Sole Trader Mortgages
- Common sense underwriting
- 95% mortgages available
- Just 1 year’s accounts needed
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Check your eligibility in minutes by completing our Self-Employed mortgage calculator
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How long do I need to have been trading before getting a mortgage?
Generally, mortgage lenders will want you to have been trading in your current business for at least twelve months, or perhaps one whole April–April tax year, although many will prefer to see two or three years of business accounts in order to get a more complete picture of your business and potential income in the future.
If you are under a contract but have been trading for less than a year, then lenders may be willing to use your current contract as the basis for a mortgage decision. If there is sufficient time on the contract yet to run, the lender will use your day rate to extrapolate your annual income to use when assessing a mortgage’s affordability and the amount you can borrow.
Sole Trader Information
Mortgages for Sole Traders
For many years, self-employed people applying for a mortgage were able to use ‘self-certification’ when applying for mortgages, i.e. there was no obligation to provide documentary evidence with a declaration of their income. This proved very popular, and while the practice was convenient for both the applicant and the lender, it did provide an opportunity for borrowers to paint their finances in a better light than they actually were and therefore obtain a mortgage that they were in reality not able to support.
Following the 2008 financial crisis and ensuing credit crunch, ‘self-cert’ mortgages fell off the market as lenders sought to curtail any risks, and were in fact outlawed in 2011. New regulations set down by the Financial Conduct Authority (FCA) stipulate that lenders now have a responsibility to verify proof of self-employed mortgage applicants’ incomes, just as they do for any traditionally salaried borrowers.
A PAYE employee is easily able to provide payslips and an employer’s reference to prove their income when applying for a mortgage, but sole traders are unable to do the same. Lenders typically need to see your business accounts for at least the last twelve months and/or your SA302 year-end tax calculation sent out by HM Revenue & Customs (usually with the corresponding tax year overview). You can find more information about the SA302 and how to get it below.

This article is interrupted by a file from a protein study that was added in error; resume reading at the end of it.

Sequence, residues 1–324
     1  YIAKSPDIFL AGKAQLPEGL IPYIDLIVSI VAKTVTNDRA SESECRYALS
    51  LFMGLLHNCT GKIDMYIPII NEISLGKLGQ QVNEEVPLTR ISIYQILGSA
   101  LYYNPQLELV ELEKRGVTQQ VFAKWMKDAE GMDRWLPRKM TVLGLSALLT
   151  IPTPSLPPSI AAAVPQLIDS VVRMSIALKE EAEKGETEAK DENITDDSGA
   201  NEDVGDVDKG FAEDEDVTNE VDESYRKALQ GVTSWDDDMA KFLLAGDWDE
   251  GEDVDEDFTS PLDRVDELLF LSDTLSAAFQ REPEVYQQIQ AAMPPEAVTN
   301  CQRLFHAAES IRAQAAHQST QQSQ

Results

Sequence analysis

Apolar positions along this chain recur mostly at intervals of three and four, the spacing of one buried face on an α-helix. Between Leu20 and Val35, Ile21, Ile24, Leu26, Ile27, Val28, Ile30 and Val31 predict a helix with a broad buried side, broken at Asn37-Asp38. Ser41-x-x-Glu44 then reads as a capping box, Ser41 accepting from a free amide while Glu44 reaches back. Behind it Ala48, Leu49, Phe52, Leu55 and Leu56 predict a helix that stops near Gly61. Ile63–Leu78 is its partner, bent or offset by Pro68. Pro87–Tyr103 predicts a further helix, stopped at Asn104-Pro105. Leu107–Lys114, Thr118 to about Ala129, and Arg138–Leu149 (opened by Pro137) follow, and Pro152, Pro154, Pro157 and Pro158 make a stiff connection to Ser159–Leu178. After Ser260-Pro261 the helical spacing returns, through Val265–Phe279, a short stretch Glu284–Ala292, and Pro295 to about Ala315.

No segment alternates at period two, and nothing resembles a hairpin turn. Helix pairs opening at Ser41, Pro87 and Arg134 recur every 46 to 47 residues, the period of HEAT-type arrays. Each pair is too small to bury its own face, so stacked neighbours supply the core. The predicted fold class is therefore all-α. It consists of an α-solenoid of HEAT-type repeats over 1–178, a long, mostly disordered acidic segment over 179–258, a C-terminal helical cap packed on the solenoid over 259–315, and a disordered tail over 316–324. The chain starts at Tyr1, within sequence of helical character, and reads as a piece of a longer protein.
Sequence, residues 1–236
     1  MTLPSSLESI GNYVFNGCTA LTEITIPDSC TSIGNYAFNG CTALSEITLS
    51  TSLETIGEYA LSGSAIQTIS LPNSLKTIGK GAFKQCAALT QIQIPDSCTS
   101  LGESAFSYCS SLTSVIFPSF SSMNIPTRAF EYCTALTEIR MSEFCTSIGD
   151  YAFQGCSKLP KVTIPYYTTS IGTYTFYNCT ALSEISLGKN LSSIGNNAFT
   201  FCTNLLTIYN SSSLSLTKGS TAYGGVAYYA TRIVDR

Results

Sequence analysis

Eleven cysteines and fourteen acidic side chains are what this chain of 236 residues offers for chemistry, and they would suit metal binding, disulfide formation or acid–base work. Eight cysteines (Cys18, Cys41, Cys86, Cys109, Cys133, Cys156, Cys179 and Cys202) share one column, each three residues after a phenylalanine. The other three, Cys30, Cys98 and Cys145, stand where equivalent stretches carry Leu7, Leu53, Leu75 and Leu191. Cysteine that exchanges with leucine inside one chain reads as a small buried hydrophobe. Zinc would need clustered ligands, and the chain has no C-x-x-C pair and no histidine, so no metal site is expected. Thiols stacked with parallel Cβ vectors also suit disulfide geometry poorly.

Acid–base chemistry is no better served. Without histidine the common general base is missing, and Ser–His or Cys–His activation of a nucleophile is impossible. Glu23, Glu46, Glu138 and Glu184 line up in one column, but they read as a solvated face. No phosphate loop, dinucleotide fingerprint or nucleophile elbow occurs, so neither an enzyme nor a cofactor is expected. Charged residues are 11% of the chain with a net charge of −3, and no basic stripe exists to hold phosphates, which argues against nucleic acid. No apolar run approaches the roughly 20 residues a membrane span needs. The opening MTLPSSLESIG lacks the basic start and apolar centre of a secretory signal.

Requirements will vary from lender to lender, but usually they will ask for one, two or three years’ worth of accounts (and probably SA302 forms) according to their own criteria, and will need these to be certified by a chartered accountant. A lender asking for two or three years’ accounts will either use the most recent year’s figure, the lowest figure in the range, or most commonly they will calculate an average annual income to use as a basis for their mortgage affordability calculation.
As a sole trader, the affordability calculations and the amount you will be able to borrow will be based on the net profit from your business, with both again varying from lender to lender. The mortgage amount offer will typically be a multiple of your annual income figure, usually between 3.5 to 5 times your income, with the lender applying their own individual affordability assessment to produce the actual total amount they will be prepared to lend to you.
Do I need to put down a bigger deposit if I am Self-Employed?
You will not be required to provide a bigger deposit if you are registered as self-employed–if your verified income is within the affordability criteria the lender sets out for all applicants, then you should be able to get the same loan-to-value (LTV) ratio as anyone else. Most lenders usually require a deposit of 5–10%, therefore your LTV will be 90–95% accordingly, but some mortgage products may need you to supply a larger deposit to qualify for certain deals.
If you for whatever reason don’t fall within the mortgage lender’s criteria, then in some cases they may accept your application if you are able to put down a bigger deposit. This shows commitment from yourself and results in a lower LTV ratio, lessening the risk on their part.
Sole Trader vs. Limited Company Mortgages
Arranging a mortgage can become a little more complicated if you run your business as a limited company director rather than a sole trader. Lenders tend to regard the money you take from the company as your base income (in the case of sole traders, this is often all the profits of the business), and their approach to money you take as dividends or cash left as retained profits within the company can vary greatly from one lender to the next. So the total amount you will be permitted to borrow will vary according to how the lender calculates your income for the purposes of an affordability assessment.